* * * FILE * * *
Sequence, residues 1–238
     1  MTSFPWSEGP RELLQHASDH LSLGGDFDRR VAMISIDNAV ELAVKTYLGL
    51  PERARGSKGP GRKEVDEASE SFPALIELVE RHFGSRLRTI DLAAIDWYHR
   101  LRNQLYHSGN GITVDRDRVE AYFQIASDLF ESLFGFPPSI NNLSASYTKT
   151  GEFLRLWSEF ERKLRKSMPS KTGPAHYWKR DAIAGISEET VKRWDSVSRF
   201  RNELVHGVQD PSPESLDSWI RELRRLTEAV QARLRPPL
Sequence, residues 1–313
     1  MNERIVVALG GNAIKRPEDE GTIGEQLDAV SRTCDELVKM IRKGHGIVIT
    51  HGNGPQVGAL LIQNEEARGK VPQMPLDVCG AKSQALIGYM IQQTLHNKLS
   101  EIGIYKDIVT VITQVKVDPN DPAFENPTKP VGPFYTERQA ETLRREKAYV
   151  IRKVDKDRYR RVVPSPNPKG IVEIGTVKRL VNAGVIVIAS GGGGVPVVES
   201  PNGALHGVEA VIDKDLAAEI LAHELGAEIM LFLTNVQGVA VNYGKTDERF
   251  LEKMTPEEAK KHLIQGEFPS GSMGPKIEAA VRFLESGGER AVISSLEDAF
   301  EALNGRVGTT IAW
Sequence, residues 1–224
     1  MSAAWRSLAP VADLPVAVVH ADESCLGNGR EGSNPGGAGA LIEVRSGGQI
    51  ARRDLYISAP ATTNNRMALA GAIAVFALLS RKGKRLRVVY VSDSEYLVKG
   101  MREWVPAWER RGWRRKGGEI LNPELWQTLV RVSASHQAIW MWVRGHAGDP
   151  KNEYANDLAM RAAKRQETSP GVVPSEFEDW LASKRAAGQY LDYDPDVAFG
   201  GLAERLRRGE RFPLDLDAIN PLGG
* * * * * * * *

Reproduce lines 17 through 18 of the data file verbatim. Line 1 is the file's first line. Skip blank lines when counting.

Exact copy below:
    51  ARRDLYISAP ATTNNRMALA GAIAVFALLS RKGKRLRVVY VSDSEYLVKG
   101  MREWVPAWER RGWRRKGGEI LNPELWQTLV RVSASHQAIW MWVRGHAGDP